Center background detail, showing the fences in the distance. Is this the road?Background detail of the fields on the right of the image.Close up views of the fields & fences in the background of the image.
I’ve often wondered where the above Library of Congress image, “View West” was taken. The ground contours in the image are not to be found on the “preserved” part of the battlefield. I always suspected they were taken from across highway 15, on the hill in front of the Inskeep farm offices. There is a patch of trees upon the hill similar to the trees in the 1862 photo.
In 2023 we, Cedar Mountain historian Michael Block and myself, had a few opportunities to visit the Inskeep property, with permission. On one of these preliminary visits, a glance from the hill top encouraged the idea that we were close to the site where the photographer stood. A second visit, later in the year, allowed us to do a little reconnaissance. We didn’t have a lot of time to look around. The situation turned into a sort of parody of the old “Mutual of Omaha’s Wild Kingdom” television show [1963-1985] that Johnny Carson liked to poke fun of on his “Tonight Show.” The joke was that the host of ‘Wild Kingdom’, Marlin Perkins, was never doing much, while his naturalist assistant, Jim Fowler, “Jim” was always wrestling with a lion or some such dangerous thing.
In this instance, a small farm dog was aggressively chasing Michael around the front yard of the farm house, while I scoped out the cluster of trees. Perhaps it was a 2nd generation outcropping from the same site where Timothy O’Sullivan captured his image? The trees were a wash. No match. But not far from them I found a matching horizon line, looking across route 15 to the site of the 1862 historic wheatfield. Meanwhile the dog started to snap at Michael’s heels. “We have to go,” he told me. We took a quick picture and yielded the yard back to the little farm dog.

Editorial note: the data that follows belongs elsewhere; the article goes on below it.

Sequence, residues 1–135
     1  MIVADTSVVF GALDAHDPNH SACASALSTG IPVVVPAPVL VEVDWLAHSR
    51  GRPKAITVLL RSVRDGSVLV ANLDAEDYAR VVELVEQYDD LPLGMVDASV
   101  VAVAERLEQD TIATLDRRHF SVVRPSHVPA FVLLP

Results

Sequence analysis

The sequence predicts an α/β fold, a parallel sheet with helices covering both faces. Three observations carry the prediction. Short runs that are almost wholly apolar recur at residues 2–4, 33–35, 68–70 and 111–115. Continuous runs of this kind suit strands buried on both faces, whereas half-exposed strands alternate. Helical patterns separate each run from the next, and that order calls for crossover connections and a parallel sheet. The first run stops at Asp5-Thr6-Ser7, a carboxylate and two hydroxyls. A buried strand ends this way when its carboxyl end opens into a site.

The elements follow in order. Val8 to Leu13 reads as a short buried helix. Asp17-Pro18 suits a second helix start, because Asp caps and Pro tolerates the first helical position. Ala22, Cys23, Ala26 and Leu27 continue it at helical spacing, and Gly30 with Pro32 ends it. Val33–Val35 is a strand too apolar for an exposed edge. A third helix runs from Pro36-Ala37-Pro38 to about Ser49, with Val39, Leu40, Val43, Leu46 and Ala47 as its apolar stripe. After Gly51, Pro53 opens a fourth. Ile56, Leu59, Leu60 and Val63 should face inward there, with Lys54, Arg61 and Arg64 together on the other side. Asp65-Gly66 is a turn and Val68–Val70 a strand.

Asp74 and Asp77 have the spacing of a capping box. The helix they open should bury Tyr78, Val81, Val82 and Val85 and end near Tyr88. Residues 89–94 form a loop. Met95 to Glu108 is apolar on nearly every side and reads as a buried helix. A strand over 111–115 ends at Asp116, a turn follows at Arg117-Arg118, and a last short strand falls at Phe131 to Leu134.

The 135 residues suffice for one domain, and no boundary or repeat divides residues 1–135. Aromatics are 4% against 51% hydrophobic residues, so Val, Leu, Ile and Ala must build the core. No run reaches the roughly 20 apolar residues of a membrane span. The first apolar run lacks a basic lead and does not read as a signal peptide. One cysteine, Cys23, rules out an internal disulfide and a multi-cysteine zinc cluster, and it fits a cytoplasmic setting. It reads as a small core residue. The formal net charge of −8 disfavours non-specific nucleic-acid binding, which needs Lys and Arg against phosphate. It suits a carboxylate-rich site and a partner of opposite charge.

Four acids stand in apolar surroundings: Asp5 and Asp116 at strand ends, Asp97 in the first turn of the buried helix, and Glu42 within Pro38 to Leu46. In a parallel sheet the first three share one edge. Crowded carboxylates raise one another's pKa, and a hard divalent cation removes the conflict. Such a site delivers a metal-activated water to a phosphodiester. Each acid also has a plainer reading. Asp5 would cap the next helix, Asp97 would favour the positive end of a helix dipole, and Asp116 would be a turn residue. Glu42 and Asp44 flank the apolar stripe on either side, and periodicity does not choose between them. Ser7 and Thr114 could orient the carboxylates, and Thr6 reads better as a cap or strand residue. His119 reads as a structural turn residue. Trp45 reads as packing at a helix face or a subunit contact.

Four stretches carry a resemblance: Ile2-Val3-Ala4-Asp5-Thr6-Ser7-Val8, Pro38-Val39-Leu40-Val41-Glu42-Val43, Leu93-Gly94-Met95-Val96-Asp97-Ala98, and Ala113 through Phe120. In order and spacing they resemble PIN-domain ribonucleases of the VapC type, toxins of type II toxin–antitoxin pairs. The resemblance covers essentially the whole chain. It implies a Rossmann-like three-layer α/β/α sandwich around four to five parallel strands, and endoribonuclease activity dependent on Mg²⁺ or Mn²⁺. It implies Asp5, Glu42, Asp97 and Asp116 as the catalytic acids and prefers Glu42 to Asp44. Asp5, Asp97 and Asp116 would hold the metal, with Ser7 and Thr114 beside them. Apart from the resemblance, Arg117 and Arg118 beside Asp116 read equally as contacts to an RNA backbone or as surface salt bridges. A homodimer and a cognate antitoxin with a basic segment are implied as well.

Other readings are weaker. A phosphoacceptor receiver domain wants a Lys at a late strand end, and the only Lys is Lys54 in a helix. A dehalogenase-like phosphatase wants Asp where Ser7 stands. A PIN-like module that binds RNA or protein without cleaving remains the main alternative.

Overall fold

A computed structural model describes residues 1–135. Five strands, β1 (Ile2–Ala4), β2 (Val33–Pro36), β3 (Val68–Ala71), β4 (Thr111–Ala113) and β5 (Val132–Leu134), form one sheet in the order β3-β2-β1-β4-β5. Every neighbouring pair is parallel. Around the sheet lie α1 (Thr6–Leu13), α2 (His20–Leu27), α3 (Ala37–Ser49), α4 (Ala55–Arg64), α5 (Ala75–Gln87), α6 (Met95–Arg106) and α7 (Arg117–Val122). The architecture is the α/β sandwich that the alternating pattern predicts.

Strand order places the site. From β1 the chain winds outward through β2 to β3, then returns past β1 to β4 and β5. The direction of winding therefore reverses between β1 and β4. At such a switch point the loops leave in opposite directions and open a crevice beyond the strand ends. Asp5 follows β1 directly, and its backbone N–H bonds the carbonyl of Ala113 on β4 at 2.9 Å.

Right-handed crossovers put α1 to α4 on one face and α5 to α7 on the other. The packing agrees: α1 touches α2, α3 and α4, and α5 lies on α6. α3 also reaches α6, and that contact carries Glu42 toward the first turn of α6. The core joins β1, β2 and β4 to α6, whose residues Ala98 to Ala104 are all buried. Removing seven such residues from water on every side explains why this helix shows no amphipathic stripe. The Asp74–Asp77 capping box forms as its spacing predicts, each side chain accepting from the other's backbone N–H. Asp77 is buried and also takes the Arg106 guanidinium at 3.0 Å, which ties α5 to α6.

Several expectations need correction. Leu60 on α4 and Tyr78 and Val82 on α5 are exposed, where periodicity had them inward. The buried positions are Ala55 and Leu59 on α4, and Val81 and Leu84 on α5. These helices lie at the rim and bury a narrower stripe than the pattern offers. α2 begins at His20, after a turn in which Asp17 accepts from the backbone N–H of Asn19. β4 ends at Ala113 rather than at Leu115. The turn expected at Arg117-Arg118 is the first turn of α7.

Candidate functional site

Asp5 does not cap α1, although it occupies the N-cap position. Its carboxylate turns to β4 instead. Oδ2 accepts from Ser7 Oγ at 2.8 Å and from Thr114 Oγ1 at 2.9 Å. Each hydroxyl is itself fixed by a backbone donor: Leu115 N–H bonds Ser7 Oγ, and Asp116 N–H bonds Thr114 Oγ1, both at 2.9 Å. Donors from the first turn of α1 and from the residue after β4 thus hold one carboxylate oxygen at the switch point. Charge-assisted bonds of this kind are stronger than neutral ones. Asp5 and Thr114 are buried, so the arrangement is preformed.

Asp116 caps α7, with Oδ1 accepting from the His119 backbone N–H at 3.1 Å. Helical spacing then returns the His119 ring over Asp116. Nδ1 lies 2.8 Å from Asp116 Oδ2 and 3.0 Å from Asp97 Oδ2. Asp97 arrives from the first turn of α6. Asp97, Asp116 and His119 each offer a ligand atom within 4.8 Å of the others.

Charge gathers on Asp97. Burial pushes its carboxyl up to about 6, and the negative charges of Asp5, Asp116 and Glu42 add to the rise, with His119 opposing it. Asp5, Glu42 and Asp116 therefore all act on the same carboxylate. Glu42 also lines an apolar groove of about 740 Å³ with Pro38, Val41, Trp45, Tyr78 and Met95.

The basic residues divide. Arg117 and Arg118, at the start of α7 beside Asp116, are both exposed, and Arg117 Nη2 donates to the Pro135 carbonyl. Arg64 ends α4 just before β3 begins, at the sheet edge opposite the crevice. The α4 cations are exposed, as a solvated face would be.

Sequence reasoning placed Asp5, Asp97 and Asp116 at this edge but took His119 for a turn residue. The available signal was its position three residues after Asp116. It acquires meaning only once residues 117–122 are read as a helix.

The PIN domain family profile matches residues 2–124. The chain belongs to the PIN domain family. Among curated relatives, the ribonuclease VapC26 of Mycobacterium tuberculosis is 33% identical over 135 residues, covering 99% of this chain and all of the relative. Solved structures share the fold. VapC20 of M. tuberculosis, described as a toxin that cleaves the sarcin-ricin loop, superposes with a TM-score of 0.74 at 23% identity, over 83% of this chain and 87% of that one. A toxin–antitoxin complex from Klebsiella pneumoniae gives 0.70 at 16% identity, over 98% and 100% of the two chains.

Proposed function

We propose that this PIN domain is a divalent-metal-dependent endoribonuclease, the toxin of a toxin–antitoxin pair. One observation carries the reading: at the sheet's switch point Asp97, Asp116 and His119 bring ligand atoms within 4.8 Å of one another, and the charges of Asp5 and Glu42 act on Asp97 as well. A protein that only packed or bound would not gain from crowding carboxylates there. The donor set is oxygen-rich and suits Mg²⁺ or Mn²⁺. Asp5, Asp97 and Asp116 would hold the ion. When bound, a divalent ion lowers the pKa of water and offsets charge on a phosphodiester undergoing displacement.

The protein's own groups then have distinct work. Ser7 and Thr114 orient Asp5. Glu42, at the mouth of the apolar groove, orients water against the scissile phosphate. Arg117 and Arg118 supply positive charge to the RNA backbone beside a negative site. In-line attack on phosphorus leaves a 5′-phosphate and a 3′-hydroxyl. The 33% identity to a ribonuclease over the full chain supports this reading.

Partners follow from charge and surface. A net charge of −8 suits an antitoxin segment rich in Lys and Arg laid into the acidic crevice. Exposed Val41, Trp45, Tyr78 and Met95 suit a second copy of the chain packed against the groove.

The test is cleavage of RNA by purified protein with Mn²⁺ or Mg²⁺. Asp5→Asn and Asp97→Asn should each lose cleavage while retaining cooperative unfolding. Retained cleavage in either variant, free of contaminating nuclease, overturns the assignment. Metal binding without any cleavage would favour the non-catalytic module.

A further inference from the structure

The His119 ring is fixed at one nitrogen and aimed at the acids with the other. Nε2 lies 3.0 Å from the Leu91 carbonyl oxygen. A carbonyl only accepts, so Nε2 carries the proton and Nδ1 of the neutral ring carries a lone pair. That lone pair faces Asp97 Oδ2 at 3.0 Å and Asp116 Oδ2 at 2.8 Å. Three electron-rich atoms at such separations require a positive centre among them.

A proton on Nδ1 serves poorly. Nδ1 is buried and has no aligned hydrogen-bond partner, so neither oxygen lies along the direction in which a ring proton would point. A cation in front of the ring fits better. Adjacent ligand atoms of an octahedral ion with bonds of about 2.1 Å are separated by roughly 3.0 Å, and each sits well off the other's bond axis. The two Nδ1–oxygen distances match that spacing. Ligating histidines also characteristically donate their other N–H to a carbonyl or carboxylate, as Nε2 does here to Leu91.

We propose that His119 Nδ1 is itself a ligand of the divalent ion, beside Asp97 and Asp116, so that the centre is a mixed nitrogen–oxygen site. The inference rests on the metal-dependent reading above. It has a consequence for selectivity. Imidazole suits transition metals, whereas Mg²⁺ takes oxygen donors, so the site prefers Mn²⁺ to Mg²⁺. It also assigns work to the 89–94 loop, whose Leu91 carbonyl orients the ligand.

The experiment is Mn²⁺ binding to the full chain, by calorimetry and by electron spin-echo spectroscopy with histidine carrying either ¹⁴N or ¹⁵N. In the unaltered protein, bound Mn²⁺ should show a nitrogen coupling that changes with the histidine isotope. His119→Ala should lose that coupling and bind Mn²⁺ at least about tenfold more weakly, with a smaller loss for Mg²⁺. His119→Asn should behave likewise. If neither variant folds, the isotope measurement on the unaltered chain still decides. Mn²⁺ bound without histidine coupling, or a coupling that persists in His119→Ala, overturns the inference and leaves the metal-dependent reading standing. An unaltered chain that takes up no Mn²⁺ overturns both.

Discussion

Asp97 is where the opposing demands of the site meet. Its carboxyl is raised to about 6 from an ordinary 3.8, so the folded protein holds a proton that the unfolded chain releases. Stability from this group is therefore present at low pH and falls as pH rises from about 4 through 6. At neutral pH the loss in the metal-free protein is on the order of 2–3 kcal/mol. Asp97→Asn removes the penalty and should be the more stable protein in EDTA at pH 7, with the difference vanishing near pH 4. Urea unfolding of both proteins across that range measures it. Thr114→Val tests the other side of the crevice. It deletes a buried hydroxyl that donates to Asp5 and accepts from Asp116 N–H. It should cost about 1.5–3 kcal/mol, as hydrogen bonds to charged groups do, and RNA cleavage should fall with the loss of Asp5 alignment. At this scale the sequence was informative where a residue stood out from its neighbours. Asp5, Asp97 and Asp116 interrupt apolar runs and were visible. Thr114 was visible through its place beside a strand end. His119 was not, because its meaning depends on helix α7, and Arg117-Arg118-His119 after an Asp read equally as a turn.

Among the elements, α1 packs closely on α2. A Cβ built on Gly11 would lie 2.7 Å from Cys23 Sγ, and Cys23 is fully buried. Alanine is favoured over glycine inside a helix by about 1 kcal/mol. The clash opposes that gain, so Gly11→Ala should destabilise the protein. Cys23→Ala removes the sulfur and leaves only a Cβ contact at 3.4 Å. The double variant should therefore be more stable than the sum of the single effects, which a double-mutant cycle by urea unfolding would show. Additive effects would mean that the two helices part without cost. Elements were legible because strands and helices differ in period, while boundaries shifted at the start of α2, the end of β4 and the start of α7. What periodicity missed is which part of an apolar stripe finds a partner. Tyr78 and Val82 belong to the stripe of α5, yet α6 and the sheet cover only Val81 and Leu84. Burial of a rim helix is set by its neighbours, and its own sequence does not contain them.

The dip in the green fields visible in the distance of the modern image, matches the dip in the field by the heads of the two soldiers standing by the tree on the right of the 1862 image. If you cannot see it too clearly here, trust us!
The foreground contours are not an exact match, but this may be due to subtle ground changes that occurred when modern route 15 was built through the battlefield. It is not apparent in our image but the highway does run through the middle of the snapshot.
The original Culpeper-Orange road also ran through the yard where we took the snapshot, making it a natural place for Timothy O’Sullivan to stop and grab an image of the wheatfield. This means the soldiers in the trees are standing on ground that was charged over by Brigadier-General John White Geary’s Ohio brigade.
Cedar Mt. Va. Family group before the house in which Gen. Charles S. Winder (C.S.A.) died. Tim O’Sullivan. We are not sure where this image was taken. The building has a distinctive roof which may lead to the discovery of this location, but the original caption states this is the house in which General Charles S. Winder died. When wounded, Winder was carried from the battlefield and taken down the Culpepper-Orange road somewhere not to far off, and the speculation I was used to hearing, is that he was taken to Major’s School House. It would seem more likely to me that this image was taken closer to where most of Sullivan’s other photos were taken. Captions were not always accurate. I used to entertain the idea that this image was taken at the Hudson House, but the roof line does not match any of the buildings as far was we can see, in the other images of the Hudson House.Cedar Mt. Va. Family group before the house in which Gen. Charles S. Winder (C.S.A.) died. Tim O’Sullivan. Here I have merged the two halves of the stereograph and cleaned it up in photoshop. There were subtle angle differences in the two sides, so I had to play a few tricks to get this image right. Cedar Mt. Va. Family group before the house in which Gen. Charles S. Winder (C.S.A.) died. Tim O’Sullivan. In this tight close up you can get a better look at the people. There is a bed showing inside the open door. Hopefully if you click the image it will link to a large file. If not, I will try to correct it at a later date. WP is not user-friendly.The title listed for this image is Cedar Mountaun, Va. Where General Winder was killed. Timothy O’Sullivan, 1862.